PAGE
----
SHEFFIELD United’s decision to retract an offer allowing former player and convicted rapist Ched Evans to train with the club has been welcomed by opponents.
The club’s decision to give Evans the opportunity to use their facilities for training purposes following his release from prison has sparked controversy, with several patrons resigning over the row.
TV presenter Charlie Webster, singer Dave Berry and Deputy Prime Minister Nick Clegg have welcomed the latest announcement.
Sheffield United have admitted to underestimating the criticism they would receive after retracting their offer to let Evans train with the club.
A club statement said: “We recognise that a number of our supporters will be disappointed with this decision, but would ask that they remember the responsibilities we have not only to a fine and proud club, whose history stretches back over 125 years, but also to the communities in which Sheffield United is active and to the city we represent.”
Sheffield Hallam MP Mr Clegg tweeted: “A sensible decision by Sheffield United regarding Ched Evans. Step in the right direction.”
Miss Webster, who resigned as a patron during the row, wrote on Twitter: “Sheffield United have done the right thing by not letting Ched Evans train with them. It’s the right thing for the club, its fans, its community and the victim.
“(Sheffield United) is a great club with a fantastic history and now its future can be fantastic too.”
Mr Berry, who also resigned as a patron, told ITV: “I’m very pleased to hear it but why has it taken so long? And still, where are all the men in this? I haven’t seen anyone commenting from football clubs.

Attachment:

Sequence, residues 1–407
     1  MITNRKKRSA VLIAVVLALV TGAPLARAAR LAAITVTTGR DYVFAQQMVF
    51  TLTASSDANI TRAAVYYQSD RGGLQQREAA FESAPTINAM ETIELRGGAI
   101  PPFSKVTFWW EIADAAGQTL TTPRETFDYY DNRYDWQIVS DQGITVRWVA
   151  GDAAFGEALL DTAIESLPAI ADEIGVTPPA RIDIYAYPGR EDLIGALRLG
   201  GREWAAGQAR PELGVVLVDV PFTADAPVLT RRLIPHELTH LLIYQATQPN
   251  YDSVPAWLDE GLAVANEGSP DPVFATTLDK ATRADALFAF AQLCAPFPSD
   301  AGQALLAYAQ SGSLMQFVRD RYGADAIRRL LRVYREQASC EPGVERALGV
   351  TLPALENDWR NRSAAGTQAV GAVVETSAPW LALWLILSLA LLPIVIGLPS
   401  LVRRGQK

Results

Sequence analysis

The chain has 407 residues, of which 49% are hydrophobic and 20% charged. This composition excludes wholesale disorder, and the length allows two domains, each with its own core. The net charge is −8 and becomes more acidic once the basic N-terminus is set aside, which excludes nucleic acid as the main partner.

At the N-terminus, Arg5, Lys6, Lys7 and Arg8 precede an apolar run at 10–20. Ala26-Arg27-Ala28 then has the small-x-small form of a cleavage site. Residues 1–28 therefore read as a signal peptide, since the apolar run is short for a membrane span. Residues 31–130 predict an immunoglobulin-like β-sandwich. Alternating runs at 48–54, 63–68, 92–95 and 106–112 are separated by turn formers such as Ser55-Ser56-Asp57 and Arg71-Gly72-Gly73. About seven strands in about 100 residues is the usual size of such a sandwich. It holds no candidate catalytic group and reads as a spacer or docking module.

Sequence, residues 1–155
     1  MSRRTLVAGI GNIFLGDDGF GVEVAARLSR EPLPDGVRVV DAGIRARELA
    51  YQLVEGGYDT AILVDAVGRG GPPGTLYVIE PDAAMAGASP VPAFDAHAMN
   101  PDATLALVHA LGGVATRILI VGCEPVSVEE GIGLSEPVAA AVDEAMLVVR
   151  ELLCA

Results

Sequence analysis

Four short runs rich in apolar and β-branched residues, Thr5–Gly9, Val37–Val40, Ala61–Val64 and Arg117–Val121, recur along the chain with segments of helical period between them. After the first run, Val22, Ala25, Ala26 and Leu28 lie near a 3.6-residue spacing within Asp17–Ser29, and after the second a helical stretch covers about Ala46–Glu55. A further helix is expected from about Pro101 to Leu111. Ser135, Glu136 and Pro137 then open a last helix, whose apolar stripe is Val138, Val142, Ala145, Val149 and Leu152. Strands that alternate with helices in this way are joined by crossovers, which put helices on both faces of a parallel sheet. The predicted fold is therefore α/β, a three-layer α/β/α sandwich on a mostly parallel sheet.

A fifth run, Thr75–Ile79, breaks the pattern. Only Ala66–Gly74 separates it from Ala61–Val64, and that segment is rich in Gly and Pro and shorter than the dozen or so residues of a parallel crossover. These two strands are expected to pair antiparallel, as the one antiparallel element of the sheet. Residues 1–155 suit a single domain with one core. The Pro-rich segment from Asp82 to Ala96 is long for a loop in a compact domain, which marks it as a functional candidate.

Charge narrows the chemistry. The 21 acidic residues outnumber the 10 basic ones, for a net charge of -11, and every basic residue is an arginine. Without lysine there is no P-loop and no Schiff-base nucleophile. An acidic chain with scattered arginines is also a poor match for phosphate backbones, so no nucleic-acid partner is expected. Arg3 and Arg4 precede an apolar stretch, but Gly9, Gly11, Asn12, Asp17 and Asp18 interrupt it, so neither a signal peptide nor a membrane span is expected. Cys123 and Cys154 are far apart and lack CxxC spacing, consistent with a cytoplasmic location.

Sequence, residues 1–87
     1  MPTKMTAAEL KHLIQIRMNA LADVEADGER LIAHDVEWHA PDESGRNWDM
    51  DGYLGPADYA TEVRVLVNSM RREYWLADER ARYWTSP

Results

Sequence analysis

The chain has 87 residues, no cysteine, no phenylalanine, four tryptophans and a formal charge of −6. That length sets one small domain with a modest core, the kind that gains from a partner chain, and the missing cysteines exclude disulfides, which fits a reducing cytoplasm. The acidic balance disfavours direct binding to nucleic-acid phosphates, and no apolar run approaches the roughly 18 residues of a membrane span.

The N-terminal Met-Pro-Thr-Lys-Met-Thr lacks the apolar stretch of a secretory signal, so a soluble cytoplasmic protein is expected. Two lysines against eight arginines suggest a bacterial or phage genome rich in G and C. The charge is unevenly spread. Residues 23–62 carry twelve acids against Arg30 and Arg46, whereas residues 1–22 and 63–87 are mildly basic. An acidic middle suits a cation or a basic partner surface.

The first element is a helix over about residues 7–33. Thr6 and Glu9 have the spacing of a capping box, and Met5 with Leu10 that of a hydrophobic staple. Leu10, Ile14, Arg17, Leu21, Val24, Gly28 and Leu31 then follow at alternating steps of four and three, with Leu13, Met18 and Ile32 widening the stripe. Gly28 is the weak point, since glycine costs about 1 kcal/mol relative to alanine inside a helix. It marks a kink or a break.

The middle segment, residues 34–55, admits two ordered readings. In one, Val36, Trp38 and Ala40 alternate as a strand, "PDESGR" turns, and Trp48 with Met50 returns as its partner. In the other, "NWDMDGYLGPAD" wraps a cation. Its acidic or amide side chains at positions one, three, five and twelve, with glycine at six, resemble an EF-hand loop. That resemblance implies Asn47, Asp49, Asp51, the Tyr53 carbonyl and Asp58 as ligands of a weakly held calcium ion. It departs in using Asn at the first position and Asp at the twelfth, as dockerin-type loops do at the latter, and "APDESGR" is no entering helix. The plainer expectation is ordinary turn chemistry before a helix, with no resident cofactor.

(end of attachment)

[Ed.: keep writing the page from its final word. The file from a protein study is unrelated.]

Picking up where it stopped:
“I’m rather disappointed at men not supporting this girl and making any gestures. They’ve said nothing about the contract - we’re still only half-way there.”
Evans, 25, was released last month after serving half of a five-year jail sentence following his conviction for raping a 19-year-old woman in Rhyl, north Wales.
The player has always maintained his innocence despite being found guilty.
The club’s statement said members of the board consulted dispassionately with supporters, vice presidents, Community Foundation members, executives, staff, sponsors and other relevant stakeholders in order to help them reach their decision.
“Also, the club has been diligent in communicating with the Football Association, the Football League, the Professional Footballers’ Association (the PFA), the Football Association of Wales and the National Probation Service to take further soundings.
“The club initially accepted a request from the PFA for Ched Evans to be able to train. The reaction to this has been at an intensity that could not have been anticipated when first announced.
“As noted in previous statements from the club, the legal system of this country provides for both the punishment and the rehabilitation of every person who has been found guilty of a crime.
“Sheffield United will not be used to promote the view that professional footballers should be treated differently, as has been the wont of certain sections of the media and various commentators. In addition, we remain disappointed at some of the inaccurate reporting, misinformed views and commentary, as well as the actions of a minority of individuals on social media. Professional footballers must be treated as equals before the law.
“The club condemns rape and violence of any kind against women in the strongest possible terms. The club is aware that Ched Evans is pursuing legal recourse via the Criminal Cases Review Commission in the determination he has to clear his name. We trust that he will be afforded a fair hearing.
“During this whole period, we have been served a timely reminder of what we have been throughout our history: Sheffield United is a family and community club that, even in times of adversity, will remain strong and grow from its experiences.”
The development came on the day that a BBC radio presenter who said women should “keep their knickers on” while discussing the Evans case apologised on air.
Nick Conrad, a talk show host on BBC Radio Norfolk, made the comments during a live debate about the issue.
After criticism from some listeners and rape campaigners, he began this morning’s show by saying sorry.